Sex, Consent and Tragedy

There have been a number of stories over the past two weeks which all point to the hollowness of our culture’s approach to sex.  The culture which says “sex isn’t a moral issue – whatever you want to do with respect to sex is okay”.  The hollowness and bankrupt nature of that approach is on full display at the moment.

The first one was the anonymous woman jumping on the #metoo band-wagon, claiming that celebrity Aziz Ansari had sexually assaulted her.  However, her description of the evening presented herself as a willing (if not overly enthusiastic) participant who just didn’t enjoy the sex as much as she hoped to.  We are now thrust into a debate about whether ‘yes’ is or isn’t sufficient when it comes to consenting to sex.

The second story (which has been knocking around for years in various forms) is that there are now apps you can get which register and record consent for people deciding to have sex.  To remove any level of ambiguity about what happened and why.  Although the evidence from the previous story would suggest that these apps won’t actually solve the problems that keep cropping up.

The third story was that Sydney University (among other universities in Australia) is providing on-line training to explain what constitutes consent, and when consent doesn’t count.  Along with all the complaints people make about this ‘course’ being sufficient, being only a one-off, and more, lies the real-world issue that most ‘consensual’ sex at university occurs when people are drinking, which apparently negates anyone being able to consent.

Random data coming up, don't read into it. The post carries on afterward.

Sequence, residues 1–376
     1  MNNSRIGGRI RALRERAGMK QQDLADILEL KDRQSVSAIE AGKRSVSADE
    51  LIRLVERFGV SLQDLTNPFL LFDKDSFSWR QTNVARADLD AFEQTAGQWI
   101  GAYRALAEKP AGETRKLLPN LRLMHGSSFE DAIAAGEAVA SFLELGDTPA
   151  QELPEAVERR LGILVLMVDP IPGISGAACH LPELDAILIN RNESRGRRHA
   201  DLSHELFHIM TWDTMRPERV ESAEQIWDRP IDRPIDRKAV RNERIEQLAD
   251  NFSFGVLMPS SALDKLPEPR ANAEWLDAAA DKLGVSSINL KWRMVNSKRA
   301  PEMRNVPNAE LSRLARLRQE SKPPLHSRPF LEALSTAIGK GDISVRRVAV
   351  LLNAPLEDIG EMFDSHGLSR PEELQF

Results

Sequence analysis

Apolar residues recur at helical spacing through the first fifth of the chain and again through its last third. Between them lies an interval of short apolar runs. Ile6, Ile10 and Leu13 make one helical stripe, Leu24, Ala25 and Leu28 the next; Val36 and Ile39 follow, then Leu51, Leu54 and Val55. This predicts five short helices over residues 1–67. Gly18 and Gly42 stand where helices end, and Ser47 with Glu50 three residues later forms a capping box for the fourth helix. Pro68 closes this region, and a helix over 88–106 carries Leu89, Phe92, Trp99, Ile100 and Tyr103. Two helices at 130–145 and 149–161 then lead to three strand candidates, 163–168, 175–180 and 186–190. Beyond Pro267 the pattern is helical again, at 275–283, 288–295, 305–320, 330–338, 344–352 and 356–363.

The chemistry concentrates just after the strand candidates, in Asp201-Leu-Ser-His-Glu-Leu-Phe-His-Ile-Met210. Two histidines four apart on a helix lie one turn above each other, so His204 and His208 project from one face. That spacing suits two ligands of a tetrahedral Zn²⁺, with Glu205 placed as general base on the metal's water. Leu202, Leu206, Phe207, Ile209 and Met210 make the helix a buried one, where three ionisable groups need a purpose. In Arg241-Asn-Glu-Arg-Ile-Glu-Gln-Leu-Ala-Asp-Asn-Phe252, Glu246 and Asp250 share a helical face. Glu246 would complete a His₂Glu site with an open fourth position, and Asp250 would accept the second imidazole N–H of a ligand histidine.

The the final story which caught my attention was that the federal Member of Parliament for New England, the Deputy Prime Minister, Barnaby Joyce, had a consensual affair with someone in his office.  More than that, is expecting a child with his mistress, and has split up with his wife (and mother of his 4 daughters).

The thing that links all of these things together is obvious fact that our society presents a model of sexual ethics which is proving to be completely unworkable, heart-breaking and soul destroying.  It is obvious that no matter how many rules we create, or training we provide, it isn’t actually possibly to construct a workable ethic from ‘anything you want to do is okay so long as people consent to it’.

The fact of the matter is that sex the way our society approaches it leads to tragedy.  No amount of rule-creation, or law-passing, or app-registering is going to change that.

Instead of lobby groups, or ethics groups, or management groups trying to implement rules to fix the problems, what we need to acknowledge is that sex and relationships don’t work that way.  Our society needs to recognise that God created sex as a way of bonding a married couple together, creating children, producing joy and unity both physically and spiritually.

Until we actually acknowledge the cause of the problem, we are going to be endlessly distracted trying to solve peripheral symptoms, and continuing to watch unhappy and damaged people ruin their and others lives pursuing the lie that sex is whatever you want it to be, so long as you consent.

One thought on “Sex, Consent and Tragedy

  1. Pingback: Love – crux:

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